You Are Very Hungry

African Woman Eating Slice Of Cake Near Open Refrigerator


"In uncontrolled diabetes where blood glucose levels remain abnormally high ( hyperglycemia ), glucose from the blood cannot enter the cells – due to either a lack of insulin or insulin resistance – so the body can't convert the food you eat into energy. This lack of energy causes an increase in hunger," explains


You Have Blurry Vision

woman over white with blurred vision and trouble focusing

"There are many things that can cause eye strain and blurry vision, such as spending a lot of time in front of a screen," says UCLA Health. "But blurry vision is also a common warning sign for diabetes. If not caught early or properly managed, diabetes can damage the small blood vessels in the retina — a layer of light-sensitive tissue at the back of the eye that sends visual signals to the brain. This condition, called retinopathy, can result in blindness."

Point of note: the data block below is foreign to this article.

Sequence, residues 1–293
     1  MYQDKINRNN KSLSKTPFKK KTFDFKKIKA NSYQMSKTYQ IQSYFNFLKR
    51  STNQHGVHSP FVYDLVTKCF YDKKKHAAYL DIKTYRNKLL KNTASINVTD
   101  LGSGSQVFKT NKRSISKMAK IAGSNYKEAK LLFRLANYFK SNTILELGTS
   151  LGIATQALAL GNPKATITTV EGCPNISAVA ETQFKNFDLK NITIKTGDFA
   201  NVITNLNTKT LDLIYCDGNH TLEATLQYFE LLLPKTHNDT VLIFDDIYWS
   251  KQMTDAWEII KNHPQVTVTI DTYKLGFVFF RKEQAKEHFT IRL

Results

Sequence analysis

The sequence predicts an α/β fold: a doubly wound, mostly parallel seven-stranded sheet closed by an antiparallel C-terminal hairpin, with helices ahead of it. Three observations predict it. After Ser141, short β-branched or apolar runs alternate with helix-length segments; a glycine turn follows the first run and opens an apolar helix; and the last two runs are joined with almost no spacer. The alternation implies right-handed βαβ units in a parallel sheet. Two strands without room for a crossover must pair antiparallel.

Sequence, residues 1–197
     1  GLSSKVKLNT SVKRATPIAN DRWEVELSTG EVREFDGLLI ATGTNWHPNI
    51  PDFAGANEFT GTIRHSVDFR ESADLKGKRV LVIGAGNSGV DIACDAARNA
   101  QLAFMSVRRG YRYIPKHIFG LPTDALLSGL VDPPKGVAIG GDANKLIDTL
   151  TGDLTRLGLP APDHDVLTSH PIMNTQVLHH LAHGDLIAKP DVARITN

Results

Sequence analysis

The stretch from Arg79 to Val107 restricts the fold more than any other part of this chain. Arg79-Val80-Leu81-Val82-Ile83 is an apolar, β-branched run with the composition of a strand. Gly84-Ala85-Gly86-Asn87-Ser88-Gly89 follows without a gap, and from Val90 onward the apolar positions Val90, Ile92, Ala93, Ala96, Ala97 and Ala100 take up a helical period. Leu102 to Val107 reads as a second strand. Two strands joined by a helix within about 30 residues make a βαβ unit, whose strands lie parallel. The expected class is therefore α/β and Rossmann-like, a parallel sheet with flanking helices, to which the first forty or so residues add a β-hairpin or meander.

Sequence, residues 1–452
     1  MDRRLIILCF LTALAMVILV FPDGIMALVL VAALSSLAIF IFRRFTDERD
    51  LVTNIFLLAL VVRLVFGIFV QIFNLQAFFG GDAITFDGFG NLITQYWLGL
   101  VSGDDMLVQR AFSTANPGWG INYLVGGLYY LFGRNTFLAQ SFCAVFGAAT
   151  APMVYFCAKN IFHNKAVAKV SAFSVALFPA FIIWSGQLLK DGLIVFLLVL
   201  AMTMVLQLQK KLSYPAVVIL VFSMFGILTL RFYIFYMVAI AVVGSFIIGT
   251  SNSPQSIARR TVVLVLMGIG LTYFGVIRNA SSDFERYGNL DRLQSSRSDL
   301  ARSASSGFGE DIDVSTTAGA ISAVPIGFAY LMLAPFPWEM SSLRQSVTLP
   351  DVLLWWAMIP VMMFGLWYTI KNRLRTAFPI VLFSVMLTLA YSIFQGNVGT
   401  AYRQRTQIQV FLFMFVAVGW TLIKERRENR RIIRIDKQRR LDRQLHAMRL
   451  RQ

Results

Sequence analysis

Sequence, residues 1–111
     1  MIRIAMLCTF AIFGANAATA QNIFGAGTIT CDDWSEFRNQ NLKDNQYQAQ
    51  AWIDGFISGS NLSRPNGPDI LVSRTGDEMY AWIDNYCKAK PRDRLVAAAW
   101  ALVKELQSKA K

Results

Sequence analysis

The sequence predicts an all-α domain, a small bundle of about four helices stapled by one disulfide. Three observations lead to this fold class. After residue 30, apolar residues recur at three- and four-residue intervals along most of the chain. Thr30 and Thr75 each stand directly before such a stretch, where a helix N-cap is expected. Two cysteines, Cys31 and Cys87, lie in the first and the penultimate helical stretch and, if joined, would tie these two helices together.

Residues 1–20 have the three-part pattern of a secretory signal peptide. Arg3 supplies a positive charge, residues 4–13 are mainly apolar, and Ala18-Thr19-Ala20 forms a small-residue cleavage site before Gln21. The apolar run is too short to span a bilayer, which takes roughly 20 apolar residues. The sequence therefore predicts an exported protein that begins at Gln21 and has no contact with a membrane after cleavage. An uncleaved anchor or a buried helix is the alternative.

RELATED: The #1 Cause of Diabetes, According to Science


You Have Numb or Tingling Hands or Feet

Middle-aged woman suffering from pain in leg at home, closeup

"Diabetic neuropathy most often damages nerves in your legs and feet," says the Mayo Clinic. "Depending on the affected nerves, diabetic neuropathy symptoms can range from pain and numbness in your legs and feet to problems with your digestive system, urinary tract, blood vessels and heart. Some people have mild symptoms."


You Feel Very Tired

woman lying on sofa having fever

"Many people with diabetes will describe themselves as feeling tired, lethargic or fatigued at times. It could be a result of stress, hard work or a lack of a decent night's sleep but it could also be related to having too high or too low blood glucose levels," says


You Have Very Dry Skin

Woman scratching her arm.

"If you have diabetes, you're more likely to have dry skin. High blood sugar (glucose) can cause this. If you have a skin infection or poor circulation, these could also contribute to dry, itchy skin," says the American Academy of Dermatology Association.